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Startling new light on jihadis

Startling new light on jihadis

Author: B. S. Raghavan
Publication: The Hindu Business Line
Date: July 9, 2008
URL: http://www.thehindubusinessline.com/2008/07/09/stories/2008070951310800.htm

The passion with which academia and think-tanks in Western countries in recent years have been labouring to construct the profile of an average jihadi terrorist can only be called phenomenal.

They have been extremely painstaking in unearthing minute facets of the jihadi's personal, familial, societal, educational and cultural backgrounds and studying the trends and patterns emerging from the data collected.

The Department of Sociology of the Oxford University has put on its Website ( http://www.nuff.ox.ac.uk ) a 90-page-long paper, Engineers of Jihad, by Professors Diego Gambetta of Nuffield College and Steffen Hertog of University of Durham, throwing startling new light on the mindset and motivation of jihadis, establishing a terrorism-engineering link. The duo has assembled exhaustive material to substantiate their findings, the more salient of which are:

Many Islamic radicals are not economically dispossessed, are often better educated than their peers, and quite a few went to university. Many of them are engineers - profession not generally associated with a religiously inspired movement, least of all terrorism.

Among members of violent Islamist groups, those who studied for 'elite degrees' - engineering, medicine, and science - represent 56.7 per cent. If economics and business administration are added, the percentage jumps to 63.4 per cent.

The proportion of engineers in the sample surveyed who declare themselves to be conservative or strongly so is 57.6 per cent, compared to 51.1 of economists, 42.5 of doctors and 33.5 of scientists, 21.4 per cent of those in the humanities, and 18.6 per cent of the social scientists, the least right-wing of all disciplinary groups. The four disciplines at the top of the conservatism scale - engineering, economics, medicine, and science - are the same as those at the top of the main jihadist sample.

Again, nearly half the engineers in the sample are both conservative and religious, followed by economists and, at quite some distance, by doctors and scientists.

Engineers are four times more religious and conservative than social scientists (11.0 per cent), and three times more so than people in the arts and humanities (14.3 per cent). The subjects at the top of the religious-conservative scale are, once again, exactly the same as in the jihadist sample. Personal dispositions and mode of thinking among engineers possibly differ from those of students in other subjects in ways that could make them more prone to become involved in violent forms of radicalisation, not just as willing recruits but as prime movers.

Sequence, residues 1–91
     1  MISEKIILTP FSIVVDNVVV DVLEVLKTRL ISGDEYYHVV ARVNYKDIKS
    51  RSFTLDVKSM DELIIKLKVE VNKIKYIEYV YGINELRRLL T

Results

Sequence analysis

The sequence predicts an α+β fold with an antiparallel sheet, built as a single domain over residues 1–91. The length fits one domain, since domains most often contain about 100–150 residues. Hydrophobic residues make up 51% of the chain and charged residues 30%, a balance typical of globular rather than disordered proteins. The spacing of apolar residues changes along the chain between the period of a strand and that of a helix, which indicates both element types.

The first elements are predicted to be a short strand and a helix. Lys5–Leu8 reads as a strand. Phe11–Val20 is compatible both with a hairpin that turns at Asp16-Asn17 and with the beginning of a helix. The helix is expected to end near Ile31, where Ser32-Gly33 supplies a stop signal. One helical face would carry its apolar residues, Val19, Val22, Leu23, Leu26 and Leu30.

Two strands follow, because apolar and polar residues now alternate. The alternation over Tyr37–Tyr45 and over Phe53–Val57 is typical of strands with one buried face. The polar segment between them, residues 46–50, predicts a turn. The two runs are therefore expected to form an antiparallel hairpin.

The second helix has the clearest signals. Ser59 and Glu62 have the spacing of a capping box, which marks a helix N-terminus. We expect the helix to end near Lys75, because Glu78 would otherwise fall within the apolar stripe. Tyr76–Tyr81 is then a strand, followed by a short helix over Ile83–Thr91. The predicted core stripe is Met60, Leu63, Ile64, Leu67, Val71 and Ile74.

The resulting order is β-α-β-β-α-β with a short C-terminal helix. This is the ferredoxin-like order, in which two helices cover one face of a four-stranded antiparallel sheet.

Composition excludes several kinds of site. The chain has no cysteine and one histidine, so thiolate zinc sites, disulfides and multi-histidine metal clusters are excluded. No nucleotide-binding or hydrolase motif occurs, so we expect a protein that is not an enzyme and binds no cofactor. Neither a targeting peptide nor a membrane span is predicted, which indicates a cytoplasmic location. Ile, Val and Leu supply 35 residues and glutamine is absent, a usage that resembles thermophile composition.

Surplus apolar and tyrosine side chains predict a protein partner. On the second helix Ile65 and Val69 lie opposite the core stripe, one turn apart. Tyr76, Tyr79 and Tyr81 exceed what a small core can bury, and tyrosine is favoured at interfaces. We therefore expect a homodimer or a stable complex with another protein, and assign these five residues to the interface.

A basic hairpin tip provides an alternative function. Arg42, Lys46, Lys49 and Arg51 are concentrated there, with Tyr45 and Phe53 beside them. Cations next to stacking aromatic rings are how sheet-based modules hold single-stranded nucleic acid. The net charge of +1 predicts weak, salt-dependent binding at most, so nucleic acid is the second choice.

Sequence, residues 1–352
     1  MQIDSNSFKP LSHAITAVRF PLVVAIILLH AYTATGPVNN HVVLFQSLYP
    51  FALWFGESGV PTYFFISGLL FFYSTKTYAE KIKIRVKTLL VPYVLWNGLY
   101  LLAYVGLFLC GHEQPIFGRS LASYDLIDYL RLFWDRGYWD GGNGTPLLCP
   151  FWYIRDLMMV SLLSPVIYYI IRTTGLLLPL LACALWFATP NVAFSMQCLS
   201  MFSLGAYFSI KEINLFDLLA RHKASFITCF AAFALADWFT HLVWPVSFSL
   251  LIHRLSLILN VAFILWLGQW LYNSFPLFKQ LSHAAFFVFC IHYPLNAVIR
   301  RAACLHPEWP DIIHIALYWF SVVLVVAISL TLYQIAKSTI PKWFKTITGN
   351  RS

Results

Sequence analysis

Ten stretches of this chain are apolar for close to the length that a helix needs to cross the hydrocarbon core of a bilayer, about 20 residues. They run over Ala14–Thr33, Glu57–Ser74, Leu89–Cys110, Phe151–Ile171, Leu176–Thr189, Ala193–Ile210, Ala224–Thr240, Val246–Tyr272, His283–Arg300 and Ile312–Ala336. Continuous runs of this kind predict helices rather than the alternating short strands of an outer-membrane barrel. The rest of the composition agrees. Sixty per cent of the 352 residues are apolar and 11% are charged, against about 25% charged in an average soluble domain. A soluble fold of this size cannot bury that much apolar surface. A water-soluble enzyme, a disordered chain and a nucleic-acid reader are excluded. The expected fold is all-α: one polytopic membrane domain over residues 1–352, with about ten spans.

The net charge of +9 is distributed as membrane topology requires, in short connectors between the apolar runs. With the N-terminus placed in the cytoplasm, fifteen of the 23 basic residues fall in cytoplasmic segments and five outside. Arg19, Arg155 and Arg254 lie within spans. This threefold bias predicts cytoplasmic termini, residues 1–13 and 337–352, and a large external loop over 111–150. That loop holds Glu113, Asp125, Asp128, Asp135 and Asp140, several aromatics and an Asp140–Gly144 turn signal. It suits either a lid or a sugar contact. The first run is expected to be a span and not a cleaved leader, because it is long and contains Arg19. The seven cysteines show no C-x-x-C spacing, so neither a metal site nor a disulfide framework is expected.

They tend to be attracted by the 'intellectually clean, unambiguous and all-encompassing' solutions that both the laws of engineering and radical Islam provide.
Prodigious effort

The rationale for all the prodigious effort by Western researchers is that terrorism cannot be effectively fought without getting a clue into the antecedents and orientation of the terrorist. Even intelligence agencies of Western countries have cottoned on to the idea.

The Sunday Times, (July 10, 2005) published news of a British intelligence analysis revealing that extremists predominantly looked for recruits in "schools and colleges where young people may be very inquisitive but less challenging and more susceptible to extremist reasoning/arguments" and that they were most interested in persons with "technical and professional qualifications, particularly engineering and IT degrees."

It would seem that the German authorities, after 9/11, actually built up a database pertaining to more than 8 million individuals and carried out a thorough probe with reference to relevant parameters such as place of birth (those originating from any of the 26 Muslim countries underwent the most rigorous scrutiny), gender, age, religion and educational attainments.

It also included the basis of their entry or residence, taking account of factors such as their skills (holding a pilot licence) or knowledge in respect of carrying out a terrorist attack and their familiarity with places that could constitute possible terrorist targets by virtue of having jobs in airports, railways, nuclear power plants, chemical plants, research laboratories and language institutes.

The German intelligence eventually shortlisted 1,689 suspects whom it methodically investigated to rule out their involvement in any terrorist plot and keep them under surveillamce.

It would be reassuring for the public to know whether there has been any comparable exercise undertaken by Indian academics and intelligence.

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